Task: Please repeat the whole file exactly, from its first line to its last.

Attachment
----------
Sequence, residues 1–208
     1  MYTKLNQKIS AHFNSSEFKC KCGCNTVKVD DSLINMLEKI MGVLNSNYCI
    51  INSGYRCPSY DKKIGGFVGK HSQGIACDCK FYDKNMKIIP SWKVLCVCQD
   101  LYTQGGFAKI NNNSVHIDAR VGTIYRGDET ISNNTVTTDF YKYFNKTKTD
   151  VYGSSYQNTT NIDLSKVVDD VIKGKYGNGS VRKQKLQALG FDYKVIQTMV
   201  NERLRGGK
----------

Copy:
Sequence, residues 1–208
     1  MYTKLNQKIS AHFNSSEFKC KCGCNTVKVD DSLINMLEKI MGVLNSNYCI
    51  INSGYRCPSY DKKIGGFVGK HSQGIACDCK FYDKNMKIIP SWKVLCVCQD
   101  LYTQGGFAKI NNNSVHIDAR VGTIYRGDET ISNNTVTTDF YKYFNKTKTD
   151  VYGSSYQNTT NIDLSKVVDD VIKGKYGNGS VRKQKLQALG FDYKVIQTMV
   201  NERLRGGK